It’s that time of year again: flu season. So let’s talk a little about our recommendations during pregnancy. First and foremost: we recommend vaccination.
When should you be vaccinated? As soon as the season’s vaccination is available (now). Flu season runs from October to May in the United States. Direct from the American College of
Obstetricians and Gynecologists: “Influenza vaccination is an essential element of pre-pregnancy, prenatal and postpartum care.”
Why are we so insistent on the vaccination in pregnancy? First, your body’s immune system is slightly lowered during pregnancy to allow mom and baby to safely coexist. This means higher susceptibility to common cold, cough, influenza (flu). Secondly, if exposed to flu in pregnancy, moms are at higher risk for pneumonia, hospitalization in intensive care unit and babies exposed to flu during pregnancy are at higher risk for bad outcomes (miscarriage, preterm birth, fetal death).
What kind of flu vaccine is safe in pregnancy? What’s this about thimerosal (safe preservative found in some flu vaccines)? An inactivated flu vaccine can be safely given during any trimester. More than 80-90% of the previous year’s flu shot supply was thimerosal free. Thimerisol has not been shown to be unsafe for pregnant women and the CDC does not designate a preference for preservative free or not for pregnant women getting vaccinated. That being said, our office is offering preservative free vaccines only, but if you choose to vaccinate elsewhere both options are acceptable and safe.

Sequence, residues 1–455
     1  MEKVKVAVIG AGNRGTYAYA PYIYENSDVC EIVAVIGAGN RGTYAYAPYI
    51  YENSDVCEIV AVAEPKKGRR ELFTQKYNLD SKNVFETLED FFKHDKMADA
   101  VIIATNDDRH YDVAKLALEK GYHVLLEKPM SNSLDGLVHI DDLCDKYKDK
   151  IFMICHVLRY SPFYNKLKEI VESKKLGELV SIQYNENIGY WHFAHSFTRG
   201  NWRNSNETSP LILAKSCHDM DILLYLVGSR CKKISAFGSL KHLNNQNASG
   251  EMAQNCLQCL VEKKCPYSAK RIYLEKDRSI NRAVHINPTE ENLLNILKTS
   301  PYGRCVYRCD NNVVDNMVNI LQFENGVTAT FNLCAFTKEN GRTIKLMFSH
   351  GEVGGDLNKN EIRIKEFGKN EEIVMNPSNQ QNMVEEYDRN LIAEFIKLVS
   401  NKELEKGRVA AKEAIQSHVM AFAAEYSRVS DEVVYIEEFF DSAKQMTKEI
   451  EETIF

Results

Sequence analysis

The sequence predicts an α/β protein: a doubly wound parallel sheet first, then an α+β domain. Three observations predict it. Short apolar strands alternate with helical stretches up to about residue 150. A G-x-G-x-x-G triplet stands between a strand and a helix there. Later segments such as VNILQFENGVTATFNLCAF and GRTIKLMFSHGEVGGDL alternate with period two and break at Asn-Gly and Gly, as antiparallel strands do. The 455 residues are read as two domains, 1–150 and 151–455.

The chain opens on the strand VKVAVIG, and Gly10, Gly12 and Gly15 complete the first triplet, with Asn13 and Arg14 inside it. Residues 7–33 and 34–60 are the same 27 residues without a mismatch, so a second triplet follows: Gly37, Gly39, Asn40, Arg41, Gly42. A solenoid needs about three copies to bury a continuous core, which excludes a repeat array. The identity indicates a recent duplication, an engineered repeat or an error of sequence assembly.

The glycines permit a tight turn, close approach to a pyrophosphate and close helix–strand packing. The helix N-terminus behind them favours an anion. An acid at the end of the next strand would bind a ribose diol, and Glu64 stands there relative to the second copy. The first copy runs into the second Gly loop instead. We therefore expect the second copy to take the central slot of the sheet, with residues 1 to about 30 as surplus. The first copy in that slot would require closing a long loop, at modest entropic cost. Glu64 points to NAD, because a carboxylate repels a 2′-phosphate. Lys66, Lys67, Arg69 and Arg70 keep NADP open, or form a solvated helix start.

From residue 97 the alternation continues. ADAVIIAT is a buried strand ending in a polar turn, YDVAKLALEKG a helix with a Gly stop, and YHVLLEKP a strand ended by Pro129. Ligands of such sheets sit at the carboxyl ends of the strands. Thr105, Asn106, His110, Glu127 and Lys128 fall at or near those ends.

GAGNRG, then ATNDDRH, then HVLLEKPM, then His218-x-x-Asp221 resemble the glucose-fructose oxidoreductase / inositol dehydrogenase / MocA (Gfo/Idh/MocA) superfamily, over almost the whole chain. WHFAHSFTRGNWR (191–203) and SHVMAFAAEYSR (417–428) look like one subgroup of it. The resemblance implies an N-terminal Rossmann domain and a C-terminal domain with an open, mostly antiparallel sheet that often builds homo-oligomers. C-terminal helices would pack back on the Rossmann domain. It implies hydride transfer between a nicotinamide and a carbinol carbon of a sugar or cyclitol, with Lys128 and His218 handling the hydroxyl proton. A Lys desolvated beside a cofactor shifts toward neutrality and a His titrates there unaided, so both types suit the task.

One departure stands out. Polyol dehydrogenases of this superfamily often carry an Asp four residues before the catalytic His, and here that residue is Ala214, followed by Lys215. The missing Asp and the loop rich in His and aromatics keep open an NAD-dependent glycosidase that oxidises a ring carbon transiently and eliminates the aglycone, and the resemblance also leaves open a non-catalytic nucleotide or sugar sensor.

Can I get the flu from the flu vaccine? No. You may feel a low grade fever, soreness/swelling at injection site, muscle aches, nausea. These symptoms should last no longer than 2 days and are a good sign your body is responding to the vaccine.
Is there flu treatment if you have flu exposure or symptoms despite vaccination? Yes. We strongly recommend calling your physician’s office if you have flu like symptoms (fever, muscle aches, shakes, headache, cough, runny nose) or are in immediate contact with someone with known flu. Tamiflu is a safe prescription medication to take during pregnancy for prevention or treatment of flu and should be started within 48 hours of symptoms or exposure for best results. There are both treatment and preventative doses of Tamiflu.
Are there any times people should not receive the flu vaccine? Yes but these are rare and should be discussed with a physician. Some reasons to avoid vaccination would include history of severe allergic reaction to the vaccine or egg products, history of Guillain–Barré syndrome after flu shot or current moderate to severe illness.
Are there increased risks of miscarriage, birth defects or developmental issues for developing babies whose mom’s receive the flu vaccine? No. None of these claims have been validated by good scientific studies.
Does the flu shot really help baby? Yes. Studies show that infants of mothers who received the flu vaccine are less likely to require hospitalization for influenza compared to those that did not. Infants cannot get the flu shot until 6 months of age, so antibodies passed through the placenta are babies best protection.
Do you see why we are so passionate about the flu vaccine now? Come get yours at your next appointment with us!